Going back to the murgh chandi tikka, it looked appetizing topped with silver varakh and all. Along with it arrived the Mahi Dariya and soon followed one of the Dum Pukth's signature dishes, the Kakori kebab. The tikkas were decent enough but the Mahi Dariya and the Kakori Kebabs stole the show. Flat fillets of Bhekti lightly spiced, battered and deep fried to crisp perfection. I would go back just for those. The legendary Kakori Kebabs were redolent of cloves and were smooth and soft, velvet on the tongue. Even though I knew there was lots more to come, I couldn't resist having seconds of both.



As the dinner began and the guests were served, we were gently welcomed to enjoy our meal with a softly spoken 'nosh farmiye'...

We were also plied with Seekh Nilofari, kebabs made with lotus seeds and lotus stems, flavoured with fresh herbs and spices. This was accompanied by a Navratan chutney, a green chutney with anaar daana. The kebabs on their own were okay but with the chutney they escalated to another level entirely. The Dudhiya kebab, discs of paneer with a spiced mash potato filling were also quite nice. But then I'm a carnivore, and I couldn't give these their true due...

Then came the Shorba Purbahar. A beautiful soup plate was placed in front of each guest and in the centre was then sprinkled a tablespoon of tender mung sprouts. On the sprouts was then poured the shorba.



A neat gimmicky presentation and a genuinely delicious shorba.

As we enjoyed the starters we were served a beautiful Sauvignion Blanc from South Africa. It went perfectly with the food, suited my fundamentally Indian palate and taste and I had glass or two...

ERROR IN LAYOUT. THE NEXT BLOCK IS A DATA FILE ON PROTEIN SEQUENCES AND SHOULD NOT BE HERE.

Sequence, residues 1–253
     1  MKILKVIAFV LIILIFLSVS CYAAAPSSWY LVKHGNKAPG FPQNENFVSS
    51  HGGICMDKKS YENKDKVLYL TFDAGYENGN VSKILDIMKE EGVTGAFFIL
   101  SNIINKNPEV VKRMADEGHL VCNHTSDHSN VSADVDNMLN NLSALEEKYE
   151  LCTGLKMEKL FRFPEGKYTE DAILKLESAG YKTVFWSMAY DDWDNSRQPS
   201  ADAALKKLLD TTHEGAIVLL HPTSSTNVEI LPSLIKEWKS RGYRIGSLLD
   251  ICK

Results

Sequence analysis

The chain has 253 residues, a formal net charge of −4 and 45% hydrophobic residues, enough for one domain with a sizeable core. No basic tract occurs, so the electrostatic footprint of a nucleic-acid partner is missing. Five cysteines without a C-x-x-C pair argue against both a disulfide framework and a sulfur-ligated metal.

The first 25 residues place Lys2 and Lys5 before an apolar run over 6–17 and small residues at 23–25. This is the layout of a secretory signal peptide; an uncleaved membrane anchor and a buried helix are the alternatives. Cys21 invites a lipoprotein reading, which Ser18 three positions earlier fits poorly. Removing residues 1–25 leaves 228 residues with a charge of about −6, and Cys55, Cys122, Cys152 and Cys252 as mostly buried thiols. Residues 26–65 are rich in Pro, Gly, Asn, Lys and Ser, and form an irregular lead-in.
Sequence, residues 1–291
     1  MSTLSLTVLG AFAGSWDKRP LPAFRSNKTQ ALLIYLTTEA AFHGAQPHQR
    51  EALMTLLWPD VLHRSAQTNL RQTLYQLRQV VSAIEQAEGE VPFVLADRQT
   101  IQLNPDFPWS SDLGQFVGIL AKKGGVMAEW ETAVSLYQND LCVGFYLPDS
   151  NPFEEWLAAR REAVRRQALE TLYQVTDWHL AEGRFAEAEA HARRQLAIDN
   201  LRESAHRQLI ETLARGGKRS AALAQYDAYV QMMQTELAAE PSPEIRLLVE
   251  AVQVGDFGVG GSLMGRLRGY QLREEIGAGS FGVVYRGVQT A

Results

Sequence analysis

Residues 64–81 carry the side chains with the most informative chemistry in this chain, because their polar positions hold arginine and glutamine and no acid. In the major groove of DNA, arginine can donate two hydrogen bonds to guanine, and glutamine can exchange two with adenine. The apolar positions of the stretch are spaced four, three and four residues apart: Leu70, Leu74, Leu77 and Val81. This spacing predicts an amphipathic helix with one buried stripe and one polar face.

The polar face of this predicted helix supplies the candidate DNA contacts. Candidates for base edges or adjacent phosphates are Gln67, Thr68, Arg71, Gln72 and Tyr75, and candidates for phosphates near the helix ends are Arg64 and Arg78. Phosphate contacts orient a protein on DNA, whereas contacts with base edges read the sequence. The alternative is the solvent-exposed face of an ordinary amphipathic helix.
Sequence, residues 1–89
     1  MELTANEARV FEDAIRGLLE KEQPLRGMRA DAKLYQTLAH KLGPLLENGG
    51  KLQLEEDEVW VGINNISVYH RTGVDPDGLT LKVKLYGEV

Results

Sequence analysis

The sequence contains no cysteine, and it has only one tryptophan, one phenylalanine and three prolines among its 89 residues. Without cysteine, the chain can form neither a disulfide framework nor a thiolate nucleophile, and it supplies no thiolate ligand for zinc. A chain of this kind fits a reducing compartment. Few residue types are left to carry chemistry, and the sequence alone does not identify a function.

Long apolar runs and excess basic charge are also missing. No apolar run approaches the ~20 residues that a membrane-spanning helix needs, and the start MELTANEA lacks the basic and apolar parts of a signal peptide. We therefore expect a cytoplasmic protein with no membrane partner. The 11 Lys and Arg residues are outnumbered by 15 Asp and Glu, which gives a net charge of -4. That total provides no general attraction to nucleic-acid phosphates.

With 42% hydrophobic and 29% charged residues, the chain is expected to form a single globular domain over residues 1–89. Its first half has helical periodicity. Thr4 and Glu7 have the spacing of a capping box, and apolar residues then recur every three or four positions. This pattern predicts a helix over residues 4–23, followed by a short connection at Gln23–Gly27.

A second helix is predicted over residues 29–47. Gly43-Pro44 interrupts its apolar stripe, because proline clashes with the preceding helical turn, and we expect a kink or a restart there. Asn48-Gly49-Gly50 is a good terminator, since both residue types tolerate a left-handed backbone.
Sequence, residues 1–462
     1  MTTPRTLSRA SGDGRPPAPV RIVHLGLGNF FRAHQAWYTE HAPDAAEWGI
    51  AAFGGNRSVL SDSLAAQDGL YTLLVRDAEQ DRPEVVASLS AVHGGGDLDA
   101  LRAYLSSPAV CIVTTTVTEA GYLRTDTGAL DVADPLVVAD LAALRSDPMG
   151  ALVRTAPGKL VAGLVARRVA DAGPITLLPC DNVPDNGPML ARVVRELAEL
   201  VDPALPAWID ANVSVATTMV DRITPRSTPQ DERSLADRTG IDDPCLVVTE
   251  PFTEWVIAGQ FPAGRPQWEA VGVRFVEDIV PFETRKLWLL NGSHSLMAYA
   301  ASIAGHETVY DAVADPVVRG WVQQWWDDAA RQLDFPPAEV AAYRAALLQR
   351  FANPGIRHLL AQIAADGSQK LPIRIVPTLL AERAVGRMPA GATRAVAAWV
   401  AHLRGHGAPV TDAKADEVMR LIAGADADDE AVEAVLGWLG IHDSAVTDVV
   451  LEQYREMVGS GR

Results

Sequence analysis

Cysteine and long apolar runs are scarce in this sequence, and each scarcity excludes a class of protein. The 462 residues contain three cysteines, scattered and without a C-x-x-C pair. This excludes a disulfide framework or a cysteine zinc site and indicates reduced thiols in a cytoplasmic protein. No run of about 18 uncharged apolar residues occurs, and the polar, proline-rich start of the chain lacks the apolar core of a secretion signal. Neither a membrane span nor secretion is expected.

Next on the menu were the main courses. I was quite stuffed already. Avadhi food creeps up on you and at the Dum Pukth every dish is cooked in pure ghee, not something one is used to at all! We took a bit of a break as conversation flowed across the table. There were discussions ranging from Islamic calligraphy, the Nawabs and their food to the what camera setting worked best for the food shots for the evening!

The main course started with the Jhinge ka Salan. Huge prawns in a yoghurt based methi and turmeric sauce. The thing with prawns is that you have to get them just right. The thing with the Jhinge ka Salan was that the jhinga was overcooked. The sauce was well made but the prima donna was not at her best.

The Shahi Nehari (lamb shanks) was a delight with the flavour of saffron the easily recognisable star of the show.


The Murgh Khushk Purdah made its grand entrance and of course the cameras clamoured to get a good shot of this celebrity. The food paparazzi was in full form! Chicken Pot Pie, Nawabi style. The puff pastry was spiced and flavoured and was as delicious as the chicken that nestled under.